CW: I wanted to have something familiar with me throughout the film, so I wore the different dresses that my stylist Jenni Hensler had found or made for me over the past few years and I had worn on tour.
FP: In general, Lone’s colors are muted and stark, except for the repetition of the color red. What does this color symbolize to you, both within the context of Lone or Pain is Beauty and outside of the context of art?
CW: Life, blood, lava, intensity.
FP: Throughout Lone, we see abstract forms of post-apocalyptic environments: desolate ruins, grass, and desert. But we also see closeups of concrete objects, like the toy horse. To you, do both of these types of images evoke or psychologically trigger childhood memories or memories in general?
CW: The horse for me represents forward-motion, and I did ride a lot as a child. The horse for Mark represents his father. It can mean new things for each person who watches the film. The scenes in the film are not post-apocalyptic. They are natural disasters that have taken human lives, and they are scenes of what humans do to the earth and to each other. It’s a back and forth, and I wanted that to be reflected in Pain is Beauty as well as in Lone.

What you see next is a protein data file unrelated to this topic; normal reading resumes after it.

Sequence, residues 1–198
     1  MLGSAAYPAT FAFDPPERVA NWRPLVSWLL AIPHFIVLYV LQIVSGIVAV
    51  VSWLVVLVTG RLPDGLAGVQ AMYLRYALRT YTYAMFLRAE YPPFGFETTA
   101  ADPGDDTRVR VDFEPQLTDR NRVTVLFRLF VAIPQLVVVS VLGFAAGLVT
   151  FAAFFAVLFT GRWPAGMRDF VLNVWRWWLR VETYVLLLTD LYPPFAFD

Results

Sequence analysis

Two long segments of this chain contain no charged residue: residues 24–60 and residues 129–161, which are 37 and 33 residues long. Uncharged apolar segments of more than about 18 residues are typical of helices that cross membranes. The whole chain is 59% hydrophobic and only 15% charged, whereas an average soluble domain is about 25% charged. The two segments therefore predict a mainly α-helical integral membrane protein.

FP: To me and I’m sure many others, “The Waves Have Come” is the emotional climax of both Pain is Beauty and Lone. In Lone, the song soundtracks a montage of life and death, the latter resulting from everything from natural disasters to the food chain and generally animalistic imagery. Are you trying to make the point that death, while at times tragic, is inevitable and that we shouldn’t be so afraid of it because everybody experiences it in one way or another?
CW: No. I just wanted to give a sense of overcoming: to fight through the hard times and come out on the other side stronger.